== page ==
How Today's Black Boys Could Be the Entrepreneurs of Tomorrow

They are competitive, creative, innovative, resilient and courageous. If those sound like core characteristics of successful entrepreneurs, they are, and we need to build on them.
by | July 18, 2013
 

It's no secret that America's black boys are considered the most difficult to educate, recalcitrant, truant, lost, confused, angry and dangerous demographic in the public-education system. The "school-to-prison pipeline" is an apt description for the millions of black male teenagers who must navigate the tumultuous channels of failed high poverty schools and communities without a committed, knowledgeable adult male to guide them through the daily dilemmas and risk assessments that far too often force them to choose between life and death. This horrific paradigm persists primarily because educators, policymakers, investors and CEOs have also failed at math and risk assessment.

One of the solutions to America's current crisis of flailing economics in its metro regions and flagging global economic competitiveness lies in the potential of one of the nation's most promising assets: black boys. America has seen consistent resiliency and success from black males in each generation, despite centuries of degradation and deliberate institutional hostility. In today's knowledge-based, tech-driven, globally competitive innovation economy, the key to discovering a solution to America's economic woes requires a different lens through which leaders view investing in black boys. That lens is math.

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Look no further than the athletic departments of America's largest institutions of higher education, such as the University of Texas and Ohio State University. These universities, with annual athletic-department revenues exceeding $160 million and $140 million, respectively, benefit greatly from the recruitment of black boys from blighted, broken communities and school systems. Such elite schools routinely invest more than $140,000 per student athlete. The success of athletics inures to the overall brand of the schools, investment in academic departments, spending on research and development, merchandise sales, television contracts and alumni giving. ESPN, Sports Illustrated and a landscape of other sports media are also built upon investments in covering competitive black boys.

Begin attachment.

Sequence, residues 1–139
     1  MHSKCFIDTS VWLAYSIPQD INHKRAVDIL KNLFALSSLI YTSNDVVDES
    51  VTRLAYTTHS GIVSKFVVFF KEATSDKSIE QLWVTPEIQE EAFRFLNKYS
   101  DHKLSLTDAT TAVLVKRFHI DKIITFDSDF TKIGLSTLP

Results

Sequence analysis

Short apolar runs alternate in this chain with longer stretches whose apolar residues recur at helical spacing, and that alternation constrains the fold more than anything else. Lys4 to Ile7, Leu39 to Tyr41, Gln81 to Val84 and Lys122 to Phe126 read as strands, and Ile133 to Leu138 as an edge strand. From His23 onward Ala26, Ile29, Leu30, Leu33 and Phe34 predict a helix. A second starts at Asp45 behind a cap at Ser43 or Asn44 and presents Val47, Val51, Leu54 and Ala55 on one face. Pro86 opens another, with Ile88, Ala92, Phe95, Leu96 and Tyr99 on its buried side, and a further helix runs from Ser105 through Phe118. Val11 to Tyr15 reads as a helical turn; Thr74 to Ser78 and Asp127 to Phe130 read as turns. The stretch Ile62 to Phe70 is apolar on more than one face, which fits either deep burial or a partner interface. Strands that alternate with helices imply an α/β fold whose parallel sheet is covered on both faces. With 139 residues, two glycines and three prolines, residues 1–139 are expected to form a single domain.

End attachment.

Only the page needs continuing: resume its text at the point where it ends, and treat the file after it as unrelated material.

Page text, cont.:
America has long recognized that black boys are inherently competitive, creative, innovative, resilient and courageous, several of the core characteristics of successful entrepreneurs. America has known this for a long time, dating back to the era when it was against the law to teach black people to read. Athletics has simply been a relatively recent opportunistic entry point for black boys to compete upon a capitalist landscape. But there's little doubt they can be competitive in any game they are taught, including the game of economics in the 21st century.

The nation's highest growth in entrepreneurship from 2002 to 2007 was among black Americans: 60 percent, more than three times the national average during the same period, resulting in the creation of 1.9 million black-owned businesses. Yet that unprecedented level of entrepreneurial activity produced revenue amounting to less than 1 percent of U.S. GDP, and 1.8 million of those businesses were sole proprietorships with no employees. Isn't it time for economic policymakers and elected leaders to focus on fixing a broken economic system built upon exclusion, fear and bias? America needs more high-growth entrepreneurs. That entrepreneurial activity is already occurring in the nation's blind spot.

Businesses require capital investments to grow and produce jobs. America cannot afford to continue ignoring assets within its metropolitan regions, where more than 75 percent of black boys reside. America's economic competitiveness depends upon the success of more high-growth entrepreneurs. Black entrepreneurs are growing at the highest rate. Where's the investment in identifying, vetting and funding these existing assets?

To change the current economic equation, the nation needs urgent investments in seamless pipelines of entrepreneurial resources, starting with experiential project-based educational curricula in high-poverty public schools with a core focus on entrepreneurship.

Saving America's black boys, by investing in their innovative competitive intelligence through policies of inclusive competitiveness, would yield a future bumper crop of American innovators prepared to compete in a globally competitive, tech-based workforce and to become high-growth, job-creating entrepreneurs. Investing in saving America's most disconnected demographic is an investment in saving America.

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